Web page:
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Climate Dynamics

, Volume 30, Issue 1, pp 37–58 | Cite as

Causes and impacts of changes in the Arctic freshwater budget during the twentieth and twenty-first centuries in an AOGCM

  • Olivier ArzelEmail author
  • Thierry Fichefet
  • Hugues Goosse
  • Jean-Louis Dufresne
Article

Abstract

The fourth version of the atmosphere-ocean general circulation (AOGCM) model developed at the Institut Pierre-Simon Laplace (IPSL-CM4) is used to investigate the mechanisms influencing the Arctic freshwater balance in response to anthropogenic greenhouse gas forcing. The freshwater influence on the interannual variability of deep winter oceanic convection in the Nordic Seas is also studied on the basis of correlation and regression analyses of detrended variables. The model shows that the Fram Strait outflow, which is an important source of freshwater for the northern North Atlantic, experiences a rapid and strong transition from a weak state toward a relatively strong state during 1990–2010. The authors propose that this climate shift is triggered by the retreat of sea ice in the Barents Sea during the late twentieth century. This sea ice reduction initiates a positive feedback in the atmosphere-sea ice-ocean system that alters both the atmospheric and oceanic circulations in the Greenland-Iceland-Norwegian (GIN)-Barents Seas sector. Around year 2080, the model predicts a second transition threshold beyond which the Fram Strait outflow is restored toward its original weak value. The long-term freshening of the GIN Seas is invoked to explain this rapid transition. It is further found that the mechanism of interannual changes in deep mixing differ fundamentally between the twentieth and twenty-first centuries. This difference is caused by the dominant influence of freshwater over the twenty-first century. In the GIN Seas, the interannual changes in the liquid freshwater export out of the Arctic Ocean through Fram Strait combined with the interannual changes in the liquid freshwater import from the North Atlantic are shown to have a major influence in driving the interannual variability of the deep convection during the twenty-first century. South of Iceland, the other region of deep water renewal in the model, changes in freshwater import from the North Atlantic constitute the dominant forcing of deep convection on interannual time scales over the twenty-first century.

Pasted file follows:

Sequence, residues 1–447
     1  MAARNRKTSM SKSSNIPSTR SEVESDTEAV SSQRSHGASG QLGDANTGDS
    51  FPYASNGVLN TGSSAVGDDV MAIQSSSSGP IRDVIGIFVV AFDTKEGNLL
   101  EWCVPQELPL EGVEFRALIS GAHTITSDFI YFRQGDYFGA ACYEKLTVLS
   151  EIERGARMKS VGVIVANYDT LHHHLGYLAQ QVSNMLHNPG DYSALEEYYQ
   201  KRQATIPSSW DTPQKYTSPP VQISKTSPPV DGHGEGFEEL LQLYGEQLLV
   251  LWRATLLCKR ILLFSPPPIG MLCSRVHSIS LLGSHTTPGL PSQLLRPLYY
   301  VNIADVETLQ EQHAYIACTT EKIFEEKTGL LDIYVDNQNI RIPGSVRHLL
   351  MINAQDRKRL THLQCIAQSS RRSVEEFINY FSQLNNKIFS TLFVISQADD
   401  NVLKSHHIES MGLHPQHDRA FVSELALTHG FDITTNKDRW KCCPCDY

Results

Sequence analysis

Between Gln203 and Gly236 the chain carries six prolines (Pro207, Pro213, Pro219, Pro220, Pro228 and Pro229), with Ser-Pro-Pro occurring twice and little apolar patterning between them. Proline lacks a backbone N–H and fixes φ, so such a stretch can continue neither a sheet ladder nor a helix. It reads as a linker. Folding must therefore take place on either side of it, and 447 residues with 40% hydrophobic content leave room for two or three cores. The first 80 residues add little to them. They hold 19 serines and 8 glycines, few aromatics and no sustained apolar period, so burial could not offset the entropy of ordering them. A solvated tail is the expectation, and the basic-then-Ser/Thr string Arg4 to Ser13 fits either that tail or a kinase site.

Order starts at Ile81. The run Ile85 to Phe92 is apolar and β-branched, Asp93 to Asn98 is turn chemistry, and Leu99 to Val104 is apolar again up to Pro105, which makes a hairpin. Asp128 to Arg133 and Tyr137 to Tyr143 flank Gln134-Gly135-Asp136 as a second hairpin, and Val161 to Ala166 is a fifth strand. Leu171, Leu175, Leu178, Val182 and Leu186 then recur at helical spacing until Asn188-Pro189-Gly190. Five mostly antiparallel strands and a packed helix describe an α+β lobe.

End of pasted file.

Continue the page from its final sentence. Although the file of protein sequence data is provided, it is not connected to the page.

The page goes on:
Keywords

Arctic Ocean Atlantic Meridional Overturn Circulation Freshwater Flux Freshwater Budget Convection Site 
These keywords were added by machine and not by the authors. This process is experimental and the keywords may be updated as the learning algorithm improves.

Notes

Acknowledgments

Didier Swingedouw kindly provided several Ferret routines for the analysis. We would like to thank Penny Ajani for having made wording suggestions on a final draft of this paper. H. Goosse is Research Associate with the Belgian National Fund for Scientific Research. This work was conducted within the European project ENSEMBLES (ENSEMBLE-based Predictions of Climate Changes and their Impacts) and the Action Concertée Incitative Changement Climatique et Cryosphère funded by the French Ministry of Research.

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Copyright information

© Springer-Verlag 2007

Authors and Affiliations

  • Olivier Arzel
    • 1
    Email author
  • Thierry Fichefet
    • 2
  • Hugues Goosse
    • 2
  • Jean-Louis Dufresne
    • 3
  1. 1.Climate and Environmental Dynamics Laboratory, School of Mathematics and StatisticsUniversity of New South WalesSydneyAustralia
  2. 2.Institut d’Astronomie et de Géophysique G. LemaîtreUniversité catholique de LouvainLouvain-la-NeuveBelgium
  3. 3.Laboratoire de Météorologie DynamiqueInstitut Pierre Simon Laplace UPMC/CNRSParisFrance

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